The coronavirus is raging. Eleven million workers are unemployed. And at the end of this month — absent immediate and urgent action by Congress and the administration — millions of American families will be put into eviction and foreclosure proceedings that will take them from their homes at the worst possible moment.
Since the coronavirus began spreading, home has been the first line of defense. Stay home, we’ve been told, to help prevent the spread of the virus. Now, a tsunami of evictions and foreclosures could become the virus’s latest front in its assault on America.
This is the nightmare scenario. It’s also entirely preventable.
We should give credit where it is due. Emergency action by Congress and the White House helped stem the housing crisis early on. Stimulus checks allowed families that had suddenly lost their jobs to make their rent or mortgage payments. Partial eviction and foreclosure moratoria put in place by federal agencies and most states gave families temporary protections.
But these measures were stop-gaps, at best. Stimulus checks have long been spent and the most comprehensive eviction and foreclosure moratoria are about to disappear entirely.
Servicers must ensure their work remains in compliance not only with standard regulations but with the CARES Act and ever-evolving guidelines.
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This is a life-or-death matter. New research led by Dr. Kathryn Leifheit of UCLA shows that the expiration of various state-based housing protections led to an estimated 433,700 more cases of coronavirus and 10,700 more deaths than had they been left in place.
Now, both the CDC’s eviction moratorium and the foreclosure moratorium for some mortgages are set to expire on New Year’s Day. These measures, much needed at the time they were implemented, have now set up a cliff that we’re all about to drive over. Data from the National Low Income Housing Coalition suggest that 19 million people in the U.S. could be evicted in the coming months, with untold more threatened by foreclosure. A Wall Street Journal report notes that between 2.4 million and 5 million households face eviction in January alone.
While providing temporary relief, these moratoria did nothing to provide lasting stability for families or the housing market. Missed rent and mortgage checks have a direct impact on small landlords and lenders who will have to choose between trying to recoup their losses from these families down the line, or cutting their losses by initiating evictions or foreclosures.
What we actually need — and need immediately — is direct housing payment assistance, that will let families stay in their homes and landlords and lenders stay whole.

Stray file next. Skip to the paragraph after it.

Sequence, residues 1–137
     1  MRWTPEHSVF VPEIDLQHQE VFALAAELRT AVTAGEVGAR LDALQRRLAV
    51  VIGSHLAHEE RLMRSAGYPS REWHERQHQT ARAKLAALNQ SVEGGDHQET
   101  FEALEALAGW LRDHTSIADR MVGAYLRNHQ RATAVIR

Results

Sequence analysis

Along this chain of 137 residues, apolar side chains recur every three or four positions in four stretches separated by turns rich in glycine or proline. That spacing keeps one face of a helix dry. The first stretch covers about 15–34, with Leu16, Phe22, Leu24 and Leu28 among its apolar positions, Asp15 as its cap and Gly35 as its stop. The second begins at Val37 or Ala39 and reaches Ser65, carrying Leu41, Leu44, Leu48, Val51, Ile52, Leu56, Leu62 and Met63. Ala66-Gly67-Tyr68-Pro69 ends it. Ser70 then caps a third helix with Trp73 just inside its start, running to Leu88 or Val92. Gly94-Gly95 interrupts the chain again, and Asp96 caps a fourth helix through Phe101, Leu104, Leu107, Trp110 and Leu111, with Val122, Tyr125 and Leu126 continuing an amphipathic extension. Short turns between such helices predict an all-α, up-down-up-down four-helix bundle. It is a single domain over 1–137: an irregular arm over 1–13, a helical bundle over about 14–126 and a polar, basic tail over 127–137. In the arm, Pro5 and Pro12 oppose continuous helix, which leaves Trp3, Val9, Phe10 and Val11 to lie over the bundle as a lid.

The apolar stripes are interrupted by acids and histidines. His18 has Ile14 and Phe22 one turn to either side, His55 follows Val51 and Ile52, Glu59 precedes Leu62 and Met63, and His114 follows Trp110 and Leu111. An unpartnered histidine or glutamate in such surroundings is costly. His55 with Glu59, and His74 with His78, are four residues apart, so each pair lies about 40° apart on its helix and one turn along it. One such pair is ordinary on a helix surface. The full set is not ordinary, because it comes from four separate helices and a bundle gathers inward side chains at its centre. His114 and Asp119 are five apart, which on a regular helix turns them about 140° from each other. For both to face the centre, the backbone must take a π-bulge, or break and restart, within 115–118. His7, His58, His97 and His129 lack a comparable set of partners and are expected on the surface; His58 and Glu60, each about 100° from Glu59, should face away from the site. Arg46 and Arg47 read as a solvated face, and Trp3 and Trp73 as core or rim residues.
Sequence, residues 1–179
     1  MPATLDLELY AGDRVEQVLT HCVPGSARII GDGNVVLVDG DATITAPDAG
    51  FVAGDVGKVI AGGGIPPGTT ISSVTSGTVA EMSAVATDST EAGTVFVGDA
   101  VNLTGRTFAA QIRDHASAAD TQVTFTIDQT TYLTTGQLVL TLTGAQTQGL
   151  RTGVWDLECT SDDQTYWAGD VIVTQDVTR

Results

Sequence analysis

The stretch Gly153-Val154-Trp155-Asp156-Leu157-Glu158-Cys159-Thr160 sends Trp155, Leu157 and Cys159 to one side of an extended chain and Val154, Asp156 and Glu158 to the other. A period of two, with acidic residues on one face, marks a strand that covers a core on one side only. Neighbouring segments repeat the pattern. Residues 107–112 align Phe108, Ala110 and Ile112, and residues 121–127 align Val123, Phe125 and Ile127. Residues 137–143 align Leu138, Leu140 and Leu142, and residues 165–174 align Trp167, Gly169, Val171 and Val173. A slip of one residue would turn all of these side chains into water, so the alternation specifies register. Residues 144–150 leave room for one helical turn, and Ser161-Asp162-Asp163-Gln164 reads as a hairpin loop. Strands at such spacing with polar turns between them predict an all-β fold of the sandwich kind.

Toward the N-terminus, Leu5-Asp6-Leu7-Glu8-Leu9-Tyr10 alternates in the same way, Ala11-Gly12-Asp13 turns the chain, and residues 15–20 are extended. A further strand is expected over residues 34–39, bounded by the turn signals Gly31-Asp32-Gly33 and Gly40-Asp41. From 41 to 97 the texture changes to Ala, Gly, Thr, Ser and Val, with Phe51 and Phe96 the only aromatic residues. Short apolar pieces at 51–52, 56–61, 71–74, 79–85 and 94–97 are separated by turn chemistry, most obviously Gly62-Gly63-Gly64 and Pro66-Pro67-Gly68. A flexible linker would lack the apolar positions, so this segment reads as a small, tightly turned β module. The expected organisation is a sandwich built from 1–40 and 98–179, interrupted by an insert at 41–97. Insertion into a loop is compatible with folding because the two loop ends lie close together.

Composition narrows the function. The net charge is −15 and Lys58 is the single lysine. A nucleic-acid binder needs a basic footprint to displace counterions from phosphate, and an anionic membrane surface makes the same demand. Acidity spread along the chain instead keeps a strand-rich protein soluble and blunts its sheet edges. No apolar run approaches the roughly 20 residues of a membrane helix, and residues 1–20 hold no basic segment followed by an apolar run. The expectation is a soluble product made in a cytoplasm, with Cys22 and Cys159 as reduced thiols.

Harvard’s Joint Center for Housing Studies reported last month that an estimated 49% of renters and 36% of homeowners have lost income since the start of the pandemic, disproportionately impacting communities of color. Twenty-three percent of Black and 20% of Hispanic renter households were behind their rent in September. Some 6.3 million homeowners had to seek mortgage forbearance between March and October.
Even many families that have managed to stay current with their housing payments are still facing impossible choices. As Evicted author Matthew Desmond has written, the rent eats first. Families will cut back on food, prescription meds, paying credit cards and virtually every other expense before housing, putting their health, education and futures on the line. The long-term costs of unaffordable housing are dire and compounding.
The families that need help now are not to blame for these circumstances. Pre-pandemic housing costs were already too high, and the workers who lost their jobs are not responsible for huge parts of the economy shutting down. Just as our nation came to the aid of airlines that lost passengers and restaurants that lost diners, we must now come to the aid of low-income homeowners and renters who need to keep their roofs overhead. With vaccines on the way, housing payment assistance will keep these families in their homes as our economy recovers.
Various forms of housing payment assistance have been included in COVID relief proposals, including some rental assistance in a recent bipartisan proposal. There are members of Congress who recognize this urgent need and Habitat for Humanity supporters have been amplifying their efforts through our Cost of Home campaign.
Still, too many of the relief proposals are leaving out the needs of lower-income homeowners, who would benefit from the creation of a housing assistance fund as proposed by Sen. Jack Reed, D-RI, and Rep. David Scott, D-Ga. Supporting both renters and homeowners in this way will provide the necessary stability to the housing market.
Hundreds of millions of Americans’ next rent and mortgage payments are due on New Year’s Day. Congressional and Administration leaders can decide if that’s the day they come to the rescue of panicked families at the mercy of circumstances beyond their control, or the day we let the virus win its biggest advance yet.
This column does not necessarily reflect the opinion of HousingWire’s editorial department and its owners.
To contact the author of this story:
Jonathan T.M. Reckford at @JReckford.
To contact the editor responsible for this story:
Sarah Wheeler at email@example.com